The new three-part exhibition, Nudes, is the first presentation in the history of the Helmut Newton Foundation in Berlin dedicated exclusively to the genre of nude photography.
The naked body has been a theme in art since the famous Venus of Willendorf, which was crafted around 30,000 years ago by an unknown artist. Nudes also featured in the pioneering years of photography, the oldest of the new media, as early as 1839. Since then, a special combination of exhibitionism and voyeurism has evolved before the lens of thousands of photographers – more realistic at times, more staged at others. The three photographers presented in the exhibition count among the most empathetic and influential nude photographers of the late 20th century.
Today, we present the third and final part of the exhibition: Saul Leiter.
Saul Leiter (1923–2013), parallel to his fashion photography for Harper’s Bazaar and the colorful abstractions he captured on the streets of New York from the late 1940s onwards, also photographed nudes in the studio. These quiet, intimate black-and-white photographs, which Leiter developed himself in his darkroom, were kept under lock and key during his lifetime; only a few friends knew them. His female models were friends or lovers whom the artist portrayed in the everyday setting of his New York apartment; they were not professional nude models. As if in an act of conspiracy, they joined the photographer in playful collaboration to challenge the dualistic principle of voyeurism and exhibitionism.
Following Leiter’s death in 2013, his multifaceted artistic legacy has been re-examined and more widely published on the initiative of Margit Erb, director of the Saul Leiter Foundation. In spring 2018, In My Room, a book featuring Leiter’s nudes, was published by Steidl; in summer of 2018, Howard Greenberg Gallery in New York showed a new selection of his nudes. Now this autumn, the Helmut Newton Foundation is showcasing for the first time more than 200 vintage and late prints of Leiter’s nude work, which until recently was relatively unknown.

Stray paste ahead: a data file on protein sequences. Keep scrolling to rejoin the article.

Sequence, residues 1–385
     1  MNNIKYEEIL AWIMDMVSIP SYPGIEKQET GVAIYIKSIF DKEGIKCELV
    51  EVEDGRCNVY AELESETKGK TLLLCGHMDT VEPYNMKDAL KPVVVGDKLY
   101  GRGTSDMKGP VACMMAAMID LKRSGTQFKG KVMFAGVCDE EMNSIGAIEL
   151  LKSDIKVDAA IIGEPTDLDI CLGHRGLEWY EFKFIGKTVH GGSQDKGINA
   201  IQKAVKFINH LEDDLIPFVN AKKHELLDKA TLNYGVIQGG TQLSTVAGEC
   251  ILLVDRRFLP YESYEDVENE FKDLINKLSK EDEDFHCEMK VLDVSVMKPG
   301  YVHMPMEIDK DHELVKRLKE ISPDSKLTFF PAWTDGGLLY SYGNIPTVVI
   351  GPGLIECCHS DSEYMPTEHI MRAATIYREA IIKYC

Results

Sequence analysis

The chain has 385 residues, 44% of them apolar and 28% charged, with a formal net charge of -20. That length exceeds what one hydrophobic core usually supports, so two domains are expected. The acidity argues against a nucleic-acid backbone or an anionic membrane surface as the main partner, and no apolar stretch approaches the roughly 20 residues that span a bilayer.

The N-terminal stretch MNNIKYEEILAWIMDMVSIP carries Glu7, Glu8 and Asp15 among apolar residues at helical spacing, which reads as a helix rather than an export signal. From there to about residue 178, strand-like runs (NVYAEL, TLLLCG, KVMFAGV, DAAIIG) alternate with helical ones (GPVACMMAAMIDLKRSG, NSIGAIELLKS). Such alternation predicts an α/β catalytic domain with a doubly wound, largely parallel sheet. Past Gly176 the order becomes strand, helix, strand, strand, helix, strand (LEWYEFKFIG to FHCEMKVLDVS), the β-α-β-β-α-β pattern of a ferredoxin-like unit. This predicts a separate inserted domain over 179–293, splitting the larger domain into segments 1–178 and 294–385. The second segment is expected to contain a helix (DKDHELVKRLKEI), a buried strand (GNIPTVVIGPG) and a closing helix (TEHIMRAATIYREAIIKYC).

While about half of the selection on display is framed and on the wall, the other half is presented in an exhibition vitrine as snippets, fragmented by Leiter himself. These tiny gelatin silver prints, with their jagged edges and amorphous shapes, are almost like a second exhibition in miniature. Also on display is a ten-part series of timeless color shots of a half-nude young woman on the terrace of a house by the sea, taken in 1958 in Lanesville, Massachusetts, as well as 15 of Leiter’s hand-colored, black-and-white prints in various formats, which reflect his intensive relationship with the medium of painting. In this part of the exhibition, we encounter small-format nude portraits depicting one or more women as they recline on sofas, become silhouettes against the light, seem lost in thought with a cigarette in hand, casually dress or undress, and pose for Leiter’s camera with a smile or seduction. Not all of the women are naked, but surprisingly this hardly makes a difference. They all reflect the photographer’s subtle, sensitive, almost shy approach to the female body and spirit.
“Saul Leiter. David Lynch. Helmut Newton: Nudes”
on view through May 19th, 2019
The Helmut Newton Foundation